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MySQL 5.5 Reference Manual  /  ...  /  C API Encrypted Connection Support

23.8.15 C API Encrypted Connection Support

For applications that require control over how encrypted connections are established, the C API provides these capabilities:

C API Options for Encrypted Connections

mysql_ssl_set() takes the following arguments for control over use of encrypted connections. For more information, see Section, “mysql_ssl_set()”.

  • key: The path name to the key file

  • cert: The path name to the certificate file

  • ca: The path name to the certificate authority file

  • capath: The path name to a directory that contains trusted SSL CA certificates in PEM format

  • cipher: A list of permissible ciphers to use for SSL encryption

mysql_options() provides the following options for control over use of encrypted connections. For option details, see Section, “mysql_options()”.

  • MYSQL_OPT_SSL_MODE: The connection security state

  • MYSQL_OPT_SSL_VERIFY_SERVER_CERT: Whether to verify server Common Name value

Enforcing an Encrypted Connection

mysql_ssl_set() options for information such as SSL certificate and key files are used to establish an encrypted connection if such connections are available, but do not enforce any requirement that the connection obtained be encrypted. To require an encrypted connection, use the following technique:

  1. Call mysql_ssl_set() to supply the appropriate SSL values (certificate and key files, encryption ciphers, and so forth).

  2. For MySQL 5.5.55 and higher, MYSQL_OPT_SSL_MODE is available, so call mysql_options() to pass the MYSQL_OPT_SSL_MODE option with a value of SSL_MODE_REQUIRED.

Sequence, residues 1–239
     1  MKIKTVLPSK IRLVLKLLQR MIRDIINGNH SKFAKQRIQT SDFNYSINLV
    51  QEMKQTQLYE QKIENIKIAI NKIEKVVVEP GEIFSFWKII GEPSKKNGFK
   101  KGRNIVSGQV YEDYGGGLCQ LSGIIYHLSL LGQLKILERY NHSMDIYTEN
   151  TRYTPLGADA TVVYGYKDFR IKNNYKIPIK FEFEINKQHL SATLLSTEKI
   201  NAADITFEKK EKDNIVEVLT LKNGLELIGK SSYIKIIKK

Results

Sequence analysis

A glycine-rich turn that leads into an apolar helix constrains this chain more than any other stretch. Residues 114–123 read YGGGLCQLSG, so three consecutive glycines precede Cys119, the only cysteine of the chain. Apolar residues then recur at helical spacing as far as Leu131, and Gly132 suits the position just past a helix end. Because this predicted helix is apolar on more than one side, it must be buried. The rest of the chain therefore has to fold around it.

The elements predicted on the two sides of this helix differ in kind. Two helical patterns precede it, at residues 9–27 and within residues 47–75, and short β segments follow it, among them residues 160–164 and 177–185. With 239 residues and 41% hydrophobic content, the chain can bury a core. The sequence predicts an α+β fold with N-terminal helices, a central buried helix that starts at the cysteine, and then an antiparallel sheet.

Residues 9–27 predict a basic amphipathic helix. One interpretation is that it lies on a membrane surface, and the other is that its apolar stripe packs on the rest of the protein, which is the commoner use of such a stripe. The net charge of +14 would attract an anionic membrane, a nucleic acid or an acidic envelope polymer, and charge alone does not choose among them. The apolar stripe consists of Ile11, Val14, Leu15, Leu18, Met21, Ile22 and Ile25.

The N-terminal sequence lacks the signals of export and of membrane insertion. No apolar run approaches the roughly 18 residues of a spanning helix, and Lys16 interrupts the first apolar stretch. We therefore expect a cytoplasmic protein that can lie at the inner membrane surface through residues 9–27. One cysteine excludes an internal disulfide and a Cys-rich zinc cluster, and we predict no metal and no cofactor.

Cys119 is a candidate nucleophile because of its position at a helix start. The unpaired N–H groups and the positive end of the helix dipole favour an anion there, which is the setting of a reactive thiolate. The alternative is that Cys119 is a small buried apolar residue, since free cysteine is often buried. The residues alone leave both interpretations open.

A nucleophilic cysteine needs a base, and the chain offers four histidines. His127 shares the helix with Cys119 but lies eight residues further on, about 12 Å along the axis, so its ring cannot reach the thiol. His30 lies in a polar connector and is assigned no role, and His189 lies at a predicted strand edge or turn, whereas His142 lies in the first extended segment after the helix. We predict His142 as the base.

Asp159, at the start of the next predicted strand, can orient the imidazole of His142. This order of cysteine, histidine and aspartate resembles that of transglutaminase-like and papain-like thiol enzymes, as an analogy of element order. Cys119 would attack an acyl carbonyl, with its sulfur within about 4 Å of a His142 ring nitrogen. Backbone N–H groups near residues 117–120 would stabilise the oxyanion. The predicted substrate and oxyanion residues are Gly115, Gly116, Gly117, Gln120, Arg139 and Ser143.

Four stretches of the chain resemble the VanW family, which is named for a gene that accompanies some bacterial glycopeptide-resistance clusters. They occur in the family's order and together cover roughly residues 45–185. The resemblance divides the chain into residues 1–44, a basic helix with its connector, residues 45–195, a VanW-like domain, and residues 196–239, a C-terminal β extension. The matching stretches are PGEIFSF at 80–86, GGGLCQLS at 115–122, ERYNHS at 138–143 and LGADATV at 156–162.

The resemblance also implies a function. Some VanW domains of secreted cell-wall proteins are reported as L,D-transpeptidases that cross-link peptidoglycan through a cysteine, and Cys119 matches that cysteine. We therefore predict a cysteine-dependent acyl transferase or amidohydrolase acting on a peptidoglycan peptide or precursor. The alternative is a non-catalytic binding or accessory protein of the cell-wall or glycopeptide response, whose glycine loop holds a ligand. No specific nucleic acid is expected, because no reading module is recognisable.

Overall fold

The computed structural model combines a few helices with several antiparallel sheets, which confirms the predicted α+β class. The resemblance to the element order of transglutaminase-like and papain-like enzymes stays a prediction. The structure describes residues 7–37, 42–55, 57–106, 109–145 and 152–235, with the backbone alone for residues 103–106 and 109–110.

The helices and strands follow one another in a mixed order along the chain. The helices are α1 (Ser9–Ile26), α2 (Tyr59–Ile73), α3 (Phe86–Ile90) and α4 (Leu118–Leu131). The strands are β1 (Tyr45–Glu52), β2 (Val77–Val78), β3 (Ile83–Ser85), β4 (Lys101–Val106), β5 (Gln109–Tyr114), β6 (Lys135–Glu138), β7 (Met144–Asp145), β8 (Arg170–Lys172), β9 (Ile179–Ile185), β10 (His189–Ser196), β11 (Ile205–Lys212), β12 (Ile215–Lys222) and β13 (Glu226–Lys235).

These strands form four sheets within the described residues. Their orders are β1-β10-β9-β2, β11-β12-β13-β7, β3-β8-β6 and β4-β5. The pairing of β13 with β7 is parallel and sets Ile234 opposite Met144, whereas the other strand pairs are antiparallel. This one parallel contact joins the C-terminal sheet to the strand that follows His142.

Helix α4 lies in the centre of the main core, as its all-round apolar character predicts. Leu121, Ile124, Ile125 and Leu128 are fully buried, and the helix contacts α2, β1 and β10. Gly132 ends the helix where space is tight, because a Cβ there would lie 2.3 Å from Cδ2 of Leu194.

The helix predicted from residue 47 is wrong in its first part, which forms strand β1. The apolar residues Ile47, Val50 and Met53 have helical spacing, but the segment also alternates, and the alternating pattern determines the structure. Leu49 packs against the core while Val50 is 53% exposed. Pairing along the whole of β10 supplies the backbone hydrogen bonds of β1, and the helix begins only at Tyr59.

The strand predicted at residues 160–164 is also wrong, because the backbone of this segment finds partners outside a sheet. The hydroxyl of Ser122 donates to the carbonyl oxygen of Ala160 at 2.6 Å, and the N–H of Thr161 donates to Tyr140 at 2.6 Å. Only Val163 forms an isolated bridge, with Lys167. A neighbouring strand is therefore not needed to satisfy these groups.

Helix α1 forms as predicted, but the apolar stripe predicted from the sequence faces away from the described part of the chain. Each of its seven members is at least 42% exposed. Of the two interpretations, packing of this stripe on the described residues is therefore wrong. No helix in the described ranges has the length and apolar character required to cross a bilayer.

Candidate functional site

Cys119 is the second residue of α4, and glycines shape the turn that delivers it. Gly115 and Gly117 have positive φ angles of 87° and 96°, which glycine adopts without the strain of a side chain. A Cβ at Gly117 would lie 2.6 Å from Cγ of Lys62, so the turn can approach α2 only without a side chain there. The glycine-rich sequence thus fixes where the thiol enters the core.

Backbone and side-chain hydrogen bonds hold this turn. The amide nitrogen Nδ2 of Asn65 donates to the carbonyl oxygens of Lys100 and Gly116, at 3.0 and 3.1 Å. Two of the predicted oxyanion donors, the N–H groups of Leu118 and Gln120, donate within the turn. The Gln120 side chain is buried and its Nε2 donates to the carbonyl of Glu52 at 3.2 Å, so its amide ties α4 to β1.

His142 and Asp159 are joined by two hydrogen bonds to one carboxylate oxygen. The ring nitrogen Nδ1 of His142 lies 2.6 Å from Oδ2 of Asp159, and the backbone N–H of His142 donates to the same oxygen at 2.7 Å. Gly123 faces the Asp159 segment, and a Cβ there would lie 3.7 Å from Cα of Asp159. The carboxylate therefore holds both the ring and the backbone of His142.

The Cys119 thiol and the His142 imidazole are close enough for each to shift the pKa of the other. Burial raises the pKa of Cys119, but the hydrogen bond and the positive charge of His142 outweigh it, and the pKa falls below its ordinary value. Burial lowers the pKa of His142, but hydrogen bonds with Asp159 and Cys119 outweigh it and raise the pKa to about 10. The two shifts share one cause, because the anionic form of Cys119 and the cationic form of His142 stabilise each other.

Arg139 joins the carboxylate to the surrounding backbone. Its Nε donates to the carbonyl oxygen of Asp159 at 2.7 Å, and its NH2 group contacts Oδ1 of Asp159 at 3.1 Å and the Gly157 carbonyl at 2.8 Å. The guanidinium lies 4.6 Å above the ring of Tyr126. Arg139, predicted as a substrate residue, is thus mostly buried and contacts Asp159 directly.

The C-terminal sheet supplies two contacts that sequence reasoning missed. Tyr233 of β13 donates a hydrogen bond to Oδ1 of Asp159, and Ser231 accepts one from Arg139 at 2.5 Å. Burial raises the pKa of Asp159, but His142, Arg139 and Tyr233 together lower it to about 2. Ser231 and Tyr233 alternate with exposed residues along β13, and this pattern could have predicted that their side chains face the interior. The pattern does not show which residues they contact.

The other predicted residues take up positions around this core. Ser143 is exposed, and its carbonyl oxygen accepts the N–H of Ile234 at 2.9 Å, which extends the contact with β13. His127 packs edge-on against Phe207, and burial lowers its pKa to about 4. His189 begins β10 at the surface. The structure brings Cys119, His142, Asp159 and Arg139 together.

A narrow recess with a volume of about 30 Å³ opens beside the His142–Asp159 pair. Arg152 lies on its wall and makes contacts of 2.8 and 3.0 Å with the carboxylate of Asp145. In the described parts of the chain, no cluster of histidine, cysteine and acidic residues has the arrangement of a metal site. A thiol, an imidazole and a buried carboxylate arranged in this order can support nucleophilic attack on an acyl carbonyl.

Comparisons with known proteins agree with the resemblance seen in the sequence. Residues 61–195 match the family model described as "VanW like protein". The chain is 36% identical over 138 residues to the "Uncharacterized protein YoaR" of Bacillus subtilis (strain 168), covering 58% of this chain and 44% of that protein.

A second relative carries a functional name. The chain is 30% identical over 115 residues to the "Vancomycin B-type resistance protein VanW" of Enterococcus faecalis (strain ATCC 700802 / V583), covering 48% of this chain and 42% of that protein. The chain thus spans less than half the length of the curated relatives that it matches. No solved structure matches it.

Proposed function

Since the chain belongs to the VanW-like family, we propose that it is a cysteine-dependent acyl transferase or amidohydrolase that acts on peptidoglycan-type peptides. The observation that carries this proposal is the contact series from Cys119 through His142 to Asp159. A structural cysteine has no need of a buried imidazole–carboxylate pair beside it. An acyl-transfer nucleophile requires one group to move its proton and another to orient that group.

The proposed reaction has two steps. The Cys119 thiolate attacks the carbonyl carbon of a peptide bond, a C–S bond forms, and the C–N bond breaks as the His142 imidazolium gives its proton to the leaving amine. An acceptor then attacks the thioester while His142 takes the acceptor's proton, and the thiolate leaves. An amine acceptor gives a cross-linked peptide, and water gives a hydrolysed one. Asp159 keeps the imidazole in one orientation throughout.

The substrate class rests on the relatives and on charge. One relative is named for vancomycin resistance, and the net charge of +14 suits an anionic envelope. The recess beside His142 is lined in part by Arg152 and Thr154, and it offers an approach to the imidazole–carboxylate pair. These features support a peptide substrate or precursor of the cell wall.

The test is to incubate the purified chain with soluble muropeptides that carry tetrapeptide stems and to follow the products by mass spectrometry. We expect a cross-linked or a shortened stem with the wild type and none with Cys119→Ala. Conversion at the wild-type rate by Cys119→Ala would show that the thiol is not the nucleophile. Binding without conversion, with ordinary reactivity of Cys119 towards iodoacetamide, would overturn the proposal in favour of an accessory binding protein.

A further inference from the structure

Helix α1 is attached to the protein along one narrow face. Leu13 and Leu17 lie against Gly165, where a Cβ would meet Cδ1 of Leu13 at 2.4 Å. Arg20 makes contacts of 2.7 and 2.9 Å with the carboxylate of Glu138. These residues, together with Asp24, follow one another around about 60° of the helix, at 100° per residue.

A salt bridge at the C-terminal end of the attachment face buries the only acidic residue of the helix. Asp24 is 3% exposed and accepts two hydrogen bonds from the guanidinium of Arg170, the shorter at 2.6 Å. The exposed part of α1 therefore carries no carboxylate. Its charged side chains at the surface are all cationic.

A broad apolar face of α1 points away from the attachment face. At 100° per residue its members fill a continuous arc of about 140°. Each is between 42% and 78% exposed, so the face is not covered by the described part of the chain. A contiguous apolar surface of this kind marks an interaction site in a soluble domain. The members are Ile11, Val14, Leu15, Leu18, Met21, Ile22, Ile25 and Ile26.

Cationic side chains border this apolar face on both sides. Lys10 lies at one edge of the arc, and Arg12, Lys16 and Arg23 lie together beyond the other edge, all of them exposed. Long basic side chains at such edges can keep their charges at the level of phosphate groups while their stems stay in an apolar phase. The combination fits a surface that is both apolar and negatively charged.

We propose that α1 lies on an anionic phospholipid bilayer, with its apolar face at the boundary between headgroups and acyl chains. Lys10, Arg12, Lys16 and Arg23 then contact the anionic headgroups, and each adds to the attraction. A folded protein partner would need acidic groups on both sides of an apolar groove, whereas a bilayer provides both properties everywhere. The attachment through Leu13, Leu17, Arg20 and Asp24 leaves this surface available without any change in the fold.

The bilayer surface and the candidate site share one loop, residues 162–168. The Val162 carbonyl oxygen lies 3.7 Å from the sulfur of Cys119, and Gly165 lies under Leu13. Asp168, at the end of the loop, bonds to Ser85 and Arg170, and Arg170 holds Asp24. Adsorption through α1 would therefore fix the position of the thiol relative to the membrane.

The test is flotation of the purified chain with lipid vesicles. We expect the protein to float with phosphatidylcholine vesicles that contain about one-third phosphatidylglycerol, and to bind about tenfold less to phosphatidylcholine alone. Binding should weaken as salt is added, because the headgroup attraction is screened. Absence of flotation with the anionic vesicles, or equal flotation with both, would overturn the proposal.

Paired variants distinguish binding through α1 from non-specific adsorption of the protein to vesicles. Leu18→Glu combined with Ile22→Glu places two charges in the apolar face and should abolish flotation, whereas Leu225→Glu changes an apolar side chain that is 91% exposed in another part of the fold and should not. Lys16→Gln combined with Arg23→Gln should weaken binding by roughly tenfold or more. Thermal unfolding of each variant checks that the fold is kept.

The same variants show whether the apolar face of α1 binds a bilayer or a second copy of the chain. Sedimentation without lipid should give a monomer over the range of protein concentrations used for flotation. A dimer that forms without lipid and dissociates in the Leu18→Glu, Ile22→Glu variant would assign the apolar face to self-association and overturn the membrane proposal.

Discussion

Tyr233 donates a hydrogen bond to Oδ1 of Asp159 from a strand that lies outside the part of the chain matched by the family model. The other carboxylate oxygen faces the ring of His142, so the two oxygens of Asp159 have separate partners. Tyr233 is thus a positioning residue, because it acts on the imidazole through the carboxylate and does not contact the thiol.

In MySQL 5.5, the minor C API version number was not incremented for the addition of MYSQL_OPT_SSL_MODE in MySQL 5.5.55. Application programs compiled for MySQL 5.5 that require MYSQL_OPT_SSL_MODE may fail to operate properly if the dynamic loader provides an older client library that does not include MYSQL_OPT_SSL_MODE. Such applications must be written to handle this possibility by checking whether the mysql_options() call succeeds or fails.

  3. Call mysql_real_connect() to connect to the server. As of MySQL 5.5.55, the call fails if an encrypted connection cannot be obtained; exit with an error. Prior to 5.5.55 (before MYSQL_OPT_SSL_MODE is available), clients are required to check for themselves, after calling mysql_real_connect(), whether the connection is encrypted. To do this if mysql_real_connect() succeeds, call mysql_get_ssl_cipher() to check whether the resulting connection is encrypted. If not, exit with an error.

MySQL clients implement this technique using a wrapper function named mysql_connect_ssl_check() to establish and check the connection, rather than calling mysql_real_connect() directly. To see how this works, look in the client directory of a MySQL source distribution at the source for any of the standard MySQL clients, as well as the client_priv.h file that contains the mysql_connect_ssl_check() wrapper function implementation. A call to mysql_connect_ssl_check() takes arguments like the arguments to mysql_real_connect(), plus an extra argument indicating whether to require an encrypted connection:

if (!mysql_connect_ssl_check(&mysql, host, user, pass, db,
                             port, sock, flags,
  /* failure: connection not obtained, or not encrypted if required to be */
  /* success: connection obtained, encrypted if required to be */

Version notes:

  • In MySQL 5.5.49, the --ssl-mode=REQUIRED command-line option was backported from MySQL 5.7 to MySQL 5.5. Clients can check for this option and use it to determine whether to require an encrypted connection. If so, clients must check for themselves, after calling mysql_real_connect(), whether the connection is encrypted, and fail if not. To do this, call mysql_get_ssl_cipher() and check the return value.

  • In MySQL 5.5.55, the MYSQL_OPT_SSL_MODE option for mysql_options() was backported from MySQL 5.7 to MySQL 5.5. A call to mysql_options() to set the MYSQL_OPT_SSL_MODE option to value of SSL_MODE_REQUIRED suffices to cause mysql_real_connect() to fail if the connection is not encrypted. mysql_get_ssl_cipher() can still be called after connecting, although it is not necessary to do so.

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